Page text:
Cape Town, South Africa - Day 1

Cape of Good Hope (Table Mountain National Park) viewed from Cape Point

We first visited Cape Town in 2010, and were happy to return, as we had good memories from our prior visit.  Today was one of the best excursions we have ever had.  It was titled "Cape of Good Hope".  But it was much more than just seeing the Cape.  It was an 8.5 hour adventure.  It is a bit of a drive to the Cape of Good Hope.  The first part of the day was a long bus ride.  But the scenery was spectacular.  One reason it took several hours to get there is the nature of the road.  Chapman’s Peak Road runs along the side of a mountain and is somewhat of a switchback road.  It is narrow enough that buses are only allowed to go in the north to south direction.    Think very winding road (if you know Scenic Drive in El Paso or the Amalfi Coast in southern Italy or the road up to the ski lodge in Ruidoso, NM…)!  Now put a tour bus on that road.  They warned in the travel brochure that if you were afraid of heights you might not want to do this tour.  But the scenery was spectacular!!!  We stopped about half-way to the Cape for a photo op and potty break.  Along the way we did have brief sightings of baboons and elands.  When we got to Cape Point we took the funicular up toward the top of the peak, and then climbed a bunch of stairs to get up to the old lighthouse.  There is a new lighthouse down lower, directly on the point, which was built because the original one was not visible through the frequent clouds.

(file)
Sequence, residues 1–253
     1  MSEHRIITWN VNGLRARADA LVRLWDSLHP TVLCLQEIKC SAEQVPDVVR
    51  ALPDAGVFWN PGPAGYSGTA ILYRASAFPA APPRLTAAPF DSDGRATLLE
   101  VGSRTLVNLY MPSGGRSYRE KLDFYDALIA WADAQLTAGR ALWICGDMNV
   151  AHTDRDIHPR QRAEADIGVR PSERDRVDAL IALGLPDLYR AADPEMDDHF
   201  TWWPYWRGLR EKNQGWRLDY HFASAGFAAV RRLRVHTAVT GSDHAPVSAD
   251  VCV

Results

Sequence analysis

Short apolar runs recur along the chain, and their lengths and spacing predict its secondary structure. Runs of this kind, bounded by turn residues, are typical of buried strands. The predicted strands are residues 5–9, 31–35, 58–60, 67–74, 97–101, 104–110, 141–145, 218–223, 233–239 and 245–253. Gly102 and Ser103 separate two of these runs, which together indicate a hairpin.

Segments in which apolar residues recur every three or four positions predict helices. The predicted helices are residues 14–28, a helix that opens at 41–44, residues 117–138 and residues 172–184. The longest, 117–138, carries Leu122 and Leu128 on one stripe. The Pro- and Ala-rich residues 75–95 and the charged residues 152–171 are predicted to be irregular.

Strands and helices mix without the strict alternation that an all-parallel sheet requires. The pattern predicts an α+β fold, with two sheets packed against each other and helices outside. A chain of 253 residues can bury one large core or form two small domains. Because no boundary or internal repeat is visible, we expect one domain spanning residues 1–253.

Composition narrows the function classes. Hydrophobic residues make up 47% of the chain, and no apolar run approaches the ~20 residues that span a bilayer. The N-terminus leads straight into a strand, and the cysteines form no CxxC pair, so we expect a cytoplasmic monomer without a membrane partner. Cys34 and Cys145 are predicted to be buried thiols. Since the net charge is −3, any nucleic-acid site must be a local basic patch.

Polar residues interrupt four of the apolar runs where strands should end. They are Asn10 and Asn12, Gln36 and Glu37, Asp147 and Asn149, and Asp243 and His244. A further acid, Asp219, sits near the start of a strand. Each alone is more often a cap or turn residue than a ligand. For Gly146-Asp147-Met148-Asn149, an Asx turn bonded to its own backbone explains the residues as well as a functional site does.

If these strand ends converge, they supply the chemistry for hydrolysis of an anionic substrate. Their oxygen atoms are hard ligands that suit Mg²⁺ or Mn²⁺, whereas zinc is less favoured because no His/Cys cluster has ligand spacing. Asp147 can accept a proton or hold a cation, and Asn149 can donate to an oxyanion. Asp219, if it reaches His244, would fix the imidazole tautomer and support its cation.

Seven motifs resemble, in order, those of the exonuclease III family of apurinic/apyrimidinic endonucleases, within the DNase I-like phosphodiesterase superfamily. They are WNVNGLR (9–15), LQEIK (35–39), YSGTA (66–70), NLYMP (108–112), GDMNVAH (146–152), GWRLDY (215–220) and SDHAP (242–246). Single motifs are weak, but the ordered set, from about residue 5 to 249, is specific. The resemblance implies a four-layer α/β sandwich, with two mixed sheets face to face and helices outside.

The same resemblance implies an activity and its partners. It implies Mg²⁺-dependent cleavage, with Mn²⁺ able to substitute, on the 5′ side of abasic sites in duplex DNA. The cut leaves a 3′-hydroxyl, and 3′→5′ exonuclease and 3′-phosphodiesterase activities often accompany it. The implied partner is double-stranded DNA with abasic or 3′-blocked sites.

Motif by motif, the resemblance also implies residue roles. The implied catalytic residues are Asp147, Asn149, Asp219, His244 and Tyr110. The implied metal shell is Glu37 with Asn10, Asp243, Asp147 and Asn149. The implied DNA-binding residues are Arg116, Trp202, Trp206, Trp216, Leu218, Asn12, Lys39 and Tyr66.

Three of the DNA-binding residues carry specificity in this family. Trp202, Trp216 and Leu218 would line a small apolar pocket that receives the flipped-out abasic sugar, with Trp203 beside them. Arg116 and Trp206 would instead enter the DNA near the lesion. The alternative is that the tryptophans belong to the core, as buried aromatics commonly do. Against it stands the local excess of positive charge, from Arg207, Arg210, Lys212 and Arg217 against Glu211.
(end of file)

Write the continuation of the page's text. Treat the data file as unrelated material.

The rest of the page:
After the Cape we headed up the eastern side of the peninsula (we had come south on the western side).  We stopped at a place called The Boulders for lunch and penguins.  This is the site of one of two African Penguin colonies on the continent.  After a good lunch at the Seaforth Restaurant we walked to the penguin area.  These are the second smallest variety of penguins and they are really cute.  They are also amazingly unafraid.  The colony is pretty close to human habitation and to a Naval Facility from which we heard substantial gunfire (firing range for pretty loud automatic weapons of some type).  They just go about their business without any apparent concern for either distraction.  There were penguins of all ages in the colony.

Our final stop for the day was at the Kirstenbosch Botanical Garden.  What we saw was gorgeous, and we were only able to see a small part of it, because again we had just 45 minutes there.  We were able to see enough that we figured we could easily spend a week there.  The garden was designed to showcase plants that are indigenous to South Africa.  It is located on the back side of the famous Table Mountain.

South Africa is very rich in flora.  In fact it is the richest in floral diversity, has the most plant species,  of all areas of the world.   Photo album pictures….


                                                                          African Penguin

© Susan L. Stone 2015                   rovingstones@me.com